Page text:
Keywords:Cold seeps, Active fault, Radiocarbon dating, Bivalve shells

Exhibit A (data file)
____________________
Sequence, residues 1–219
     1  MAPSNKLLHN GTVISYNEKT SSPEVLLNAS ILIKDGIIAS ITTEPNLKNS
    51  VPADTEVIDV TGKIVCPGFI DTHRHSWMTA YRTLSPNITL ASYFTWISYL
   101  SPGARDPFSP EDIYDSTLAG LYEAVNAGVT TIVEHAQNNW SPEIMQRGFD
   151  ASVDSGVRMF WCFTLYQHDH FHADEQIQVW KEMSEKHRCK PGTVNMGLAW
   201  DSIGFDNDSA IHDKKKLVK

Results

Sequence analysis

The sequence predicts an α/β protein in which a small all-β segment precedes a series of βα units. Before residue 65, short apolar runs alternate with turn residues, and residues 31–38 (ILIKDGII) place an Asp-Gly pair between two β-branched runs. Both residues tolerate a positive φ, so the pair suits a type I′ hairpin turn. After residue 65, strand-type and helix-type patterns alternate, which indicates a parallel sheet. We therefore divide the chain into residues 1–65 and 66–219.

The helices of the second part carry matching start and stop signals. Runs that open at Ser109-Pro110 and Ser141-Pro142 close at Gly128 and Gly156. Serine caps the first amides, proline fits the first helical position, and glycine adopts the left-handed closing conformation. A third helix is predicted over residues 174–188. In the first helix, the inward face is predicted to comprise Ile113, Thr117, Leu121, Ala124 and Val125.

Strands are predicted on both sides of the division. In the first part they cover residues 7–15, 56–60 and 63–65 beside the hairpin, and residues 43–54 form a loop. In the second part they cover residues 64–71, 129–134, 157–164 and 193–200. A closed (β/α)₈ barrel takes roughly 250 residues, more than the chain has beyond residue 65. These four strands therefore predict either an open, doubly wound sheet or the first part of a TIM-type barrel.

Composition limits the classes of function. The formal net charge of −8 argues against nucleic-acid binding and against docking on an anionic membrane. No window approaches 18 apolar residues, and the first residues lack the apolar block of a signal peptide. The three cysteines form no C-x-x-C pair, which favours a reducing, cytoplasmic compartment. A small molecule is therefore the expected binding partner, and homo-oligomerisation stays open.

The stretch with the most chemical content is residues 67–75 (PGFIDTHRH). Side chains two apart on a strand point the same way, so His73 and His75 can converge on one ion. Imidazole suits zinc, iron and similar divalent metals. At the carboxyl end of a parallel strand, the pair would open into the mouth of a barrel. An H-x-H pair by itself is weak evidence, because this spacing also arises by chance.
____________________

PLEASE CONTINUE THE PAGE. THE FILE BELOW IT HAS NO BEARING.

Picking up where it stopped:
Cold seep activity in the Nankai and Tokai regions are common, supporting wide varieties of chemosynthetic communities. This study focuses on an extinct Calyptogena spp. bivalve colony covering an area over 47,000 m2 discovered on the south slope of the Daini Tenryu Knoll off Tokai. The unusual size and the condition of these shells raises questions on the process involved in forming a chemosynthetic community this size. Methane seeps are known to be ephemeral allowing for possibilities that the colony was gradually formed over time. Yet the sheer volume of dead shells may suggest that past major geological events may have disrupted the underlying methane hydrate layer that is known to be found in this region. 14C radiocarbon dating was adopted on shells found at the colony (600 m) off Tokai using a Single-Stage Accelerated Mass Spectrometer (AMS) at AORI, UTokyo (Yokoyama et al., 2007, Nuclear Instruments and Methods in Physics Research Section B: Beam Interactions with Materials and Atoms), revealing three 14C age groups (ca. 1400, 1912 and 6000 cal BP). Suitable calibration model was created for this environment using δ13C DIC measurements of the shell (3‰) and the gill (-39‰) suggesting that the bivalve incorporates carbon from different sources for growth. The δ13C DIC value of porewater collected from the sediments below the bivalve colony also matches the gill measurements collected in this study (Tomonaga et al., 2016, Blue Earth Symposium). Seawater 14C DIC depth profile of the region were also measured at 50-100m intervals to observe for any abrupt changes near the colony. Geological analyses of sub-bottom profile (SBP) data below and around the colony region using ROV Navigable Sampling System (NSS) highlights multiple areas with steep and shallow faults facing in a NE-SW direction which matches the major Kodaiba thrust that exists in the region. Majority of these faults feature further south of the colony. The region directly below the colony revealed a depression which may have been a result from a past tectonic activity possibly disrupting the underlying structure which could have provided the necessary passage for hydrocarbon rich fluids to pass through to support such a large colony.